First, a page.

How-To Teach Hygiene & Other Personal-Care Tasks

When teaching our kids how to be self-sufficient in taking care of themselves, it can be hard to know how to handle the roadblocks that come up in their behavior along the way. There will be times when they get picky and want a different flavored toothpaste or blatantly refuse to step foot in the bath and scream in the hopes that you will cave so they can remain covered in dirt and go off to bed at their leisure. We have a few tips that may ease this conversation and help your kids establish a daily self-care routine that resonates with them based on their communication style.

Identify Any Areas of Need Before You Teach

Take a moment to sit down and think over the areas your child can improve and what they may need to learn. Write these areas down. 

If you’re in need of a standard guideline to reference, check out the milestone chart below. This chart will help give you an idea of what you can expect from your child at each stage.

Age Developmental Milestones
  • Attempting to brush teeth
  • remove own socks and shoes
  • cooperate with dressing by extending arms/legs
  • Uses toilet with assistance and has daytime control
  • unbuttoning large buttons
  • using napkin to wipe face and hands
  • feeding self simple meals with fork or spoon
  • help with simple chores
  • washing own body parts in bath with assistance
  • put toys away
  • dress himself with help
  • clear plate after meals
  • help set the table
  • brush teeth and wash face with help
  • Feeding self without difficulty
  • Toileting independently
  • dressing and undressing- only requiring assistance with laces, buttons, or other fasteners in awkward places
  • brush teeth independently
  • Choosing weather appropriate clothes
  • Dressing self independently
  • Full name, address, and phone number to reach parent
  • how to make an emergency call
  • dust easy to reach places and clear the table after meals
  • feed pets
  • identify money denominations
  • comb hair and wash face independently
  • help with basic laundry chores- put clothes away and bring dirty clothes to hamper/laundry room
  • choose own clothes
  • morning routine independently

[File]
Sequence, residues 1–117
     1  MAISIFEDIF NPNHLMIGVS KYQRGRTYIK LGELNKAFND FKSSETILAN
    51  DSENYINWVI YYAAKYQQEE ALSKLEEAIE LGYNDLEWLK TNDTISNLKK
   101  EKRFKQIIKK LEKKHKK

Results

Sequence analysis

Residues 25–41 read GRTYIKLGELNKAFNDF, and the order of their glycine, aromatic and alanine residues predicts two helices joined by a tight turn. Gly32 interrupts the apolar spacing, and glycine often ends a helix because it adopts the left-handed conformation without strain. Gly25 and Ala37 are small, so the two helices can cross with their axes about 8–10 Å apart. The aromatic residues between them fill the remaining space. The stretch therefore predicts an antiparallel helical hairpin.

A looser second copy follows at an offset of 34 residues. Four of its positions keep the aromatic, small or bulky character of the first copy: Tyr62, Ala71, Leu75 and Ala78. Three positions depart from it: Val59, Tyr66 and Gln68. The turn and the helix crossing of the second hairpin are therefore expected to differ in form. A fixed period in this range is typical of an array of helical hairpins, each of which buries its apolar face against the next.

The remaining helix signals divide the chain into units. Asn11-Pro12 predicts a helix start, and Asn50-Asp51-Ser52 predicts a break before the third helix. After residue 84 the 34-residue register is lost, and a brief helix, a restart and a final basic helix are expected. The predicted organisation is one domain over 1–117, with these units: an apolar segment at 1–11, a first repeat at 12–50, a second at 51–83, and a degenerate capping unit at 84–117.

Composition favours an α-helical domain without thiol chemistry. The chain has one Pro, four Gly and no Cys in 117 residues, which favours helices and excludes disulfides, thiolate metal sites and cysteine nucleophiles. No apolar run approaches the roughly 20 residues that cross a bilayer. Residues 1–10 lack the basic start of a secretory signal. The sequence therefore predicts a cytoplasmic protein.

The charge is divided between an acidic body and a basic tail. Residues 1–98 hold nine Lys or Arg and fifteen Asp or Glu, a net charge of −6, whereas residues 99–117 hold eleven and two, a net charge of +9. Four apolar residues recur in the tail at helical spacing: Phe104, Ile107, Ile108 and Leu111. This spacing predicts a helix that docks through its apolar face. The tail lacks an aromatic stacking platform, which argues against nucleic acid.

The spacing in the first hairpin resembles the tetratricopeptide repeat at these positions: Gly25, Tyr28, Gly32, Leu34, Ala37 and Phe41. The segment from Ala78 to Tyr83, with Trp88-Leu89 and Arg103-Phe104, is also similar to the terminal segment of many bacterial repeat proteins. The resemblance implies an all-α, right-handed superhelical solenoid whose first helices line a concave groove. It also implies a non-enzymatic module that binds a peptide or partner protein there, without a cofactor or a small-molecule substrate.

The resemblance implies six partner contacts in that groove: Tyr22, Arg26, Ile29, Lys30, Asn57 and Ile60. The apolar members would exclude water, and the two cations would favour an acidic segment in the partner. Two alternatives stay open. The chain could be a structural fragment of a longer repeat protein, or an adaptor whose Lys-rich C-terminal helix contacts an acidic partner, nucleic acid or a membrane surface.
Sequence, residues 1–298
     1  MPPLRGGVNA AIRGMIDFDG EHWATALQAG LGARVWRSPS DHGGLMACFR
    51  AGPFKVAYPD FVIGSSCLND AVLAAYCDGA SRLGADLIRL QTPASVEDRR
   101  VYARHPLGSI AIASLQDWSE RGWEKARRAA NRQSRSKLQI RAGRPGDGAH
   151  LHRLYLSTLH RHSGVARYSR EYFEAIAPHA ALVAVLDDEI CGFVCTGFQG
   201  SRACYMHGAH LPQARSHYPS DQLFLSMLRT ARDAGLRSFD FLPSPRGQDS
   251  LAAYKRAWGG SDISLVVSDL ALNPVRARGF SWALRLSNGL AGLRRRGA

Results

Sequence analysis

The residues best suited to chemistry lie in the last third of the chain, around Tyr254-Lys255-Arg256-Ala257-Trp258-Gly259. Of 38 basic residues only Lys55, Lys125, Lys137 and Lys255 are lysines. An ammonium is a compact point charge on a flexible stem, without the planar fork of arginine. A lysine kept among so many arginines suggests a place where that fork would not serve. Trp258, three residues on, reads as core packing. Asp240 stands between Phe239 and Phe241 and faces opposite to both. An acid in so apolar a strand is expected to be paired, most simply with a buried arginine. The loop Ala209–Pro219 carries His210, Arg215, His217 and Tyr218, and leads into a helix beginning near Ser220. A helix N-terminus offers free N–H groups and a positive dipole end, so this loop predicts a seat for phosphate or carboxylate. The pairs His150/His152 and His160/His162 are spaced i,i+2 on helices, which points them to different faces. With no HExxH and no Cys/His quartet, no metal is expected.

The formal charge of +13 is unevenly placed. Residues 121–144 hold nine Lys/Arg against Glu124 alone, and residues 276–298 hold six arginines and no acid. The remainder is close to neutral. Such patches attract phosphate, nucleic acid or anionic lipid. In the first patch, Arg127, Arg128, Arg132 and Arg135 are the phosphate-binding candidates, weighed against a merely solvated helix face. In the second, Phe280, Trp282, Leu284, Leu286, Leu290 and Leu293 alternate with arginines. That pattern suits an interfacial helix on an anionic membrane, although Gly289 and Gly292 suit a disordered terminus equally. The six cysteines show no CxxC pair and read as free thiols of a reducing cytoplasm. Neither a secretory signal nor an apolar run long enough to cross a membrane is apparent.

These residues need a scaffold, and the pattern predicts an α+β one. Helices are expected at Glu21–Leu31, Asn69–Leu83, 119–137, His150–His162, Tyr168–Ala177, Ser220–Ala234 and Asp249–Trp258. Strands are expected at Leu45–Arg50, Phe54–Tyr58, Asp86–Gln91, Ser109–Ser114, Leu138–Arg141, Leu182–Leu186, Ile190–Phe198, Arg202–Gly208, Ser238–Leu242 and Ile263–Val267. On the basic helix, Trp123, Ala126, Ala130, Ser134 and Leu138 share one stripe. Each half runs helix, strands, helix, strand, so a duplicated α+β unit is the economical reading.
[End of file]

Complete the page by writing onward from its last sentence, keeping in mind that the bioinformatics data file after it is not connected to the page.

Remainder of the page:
• opening lunch boxes, zip lock  bags, food packaging
  • packing a bag for school or outings with assistance
  • showering independently
  • packing a bag for school or outings with little assistance or prompting
  • telling the time
  • mix, stir, and cut with a dull knife
  • make basic meal like a sandwich
  • help put groceries away
  • wash dishes
  • taking on more responsibilities and chores
  • pride in personal belongings
    • fold own clothes
    • learn simple sewing
    • care for outdoor toys like bikes
  • count money and make change
  • use broom and dustpan properly
  • read a recipe and prepare a simple meal
  • help create a grocery list
  • take out the trash
  • independently handle personal hygiene
  • stay home alone
  • go to the store and make purchases by herself
  • change own sheets
  • use washing machine and dryer
  • plan and prepare a meal with several ingredients
  • use the oven to broil or bake foods
  • learn to read labels
  • iron clothes
  • use basic hand tools
  • care for younger siblings or neighbors
  • More sophisticated cleaning and maintenance chores- plunging a toilet, cleaning stove, unclogging drains
  • fill car with gas, add air to and change a tire
  • read and understand medicine labels and dosage
  • interview for and get a job
  • create and maintain a calendar
Young Adults
  • make regular doctor and dentist appts
  • manage bank account, pay a bill, write checks, use card
  • understand basic contracts
  • schedule oil changes and  basic car maintenance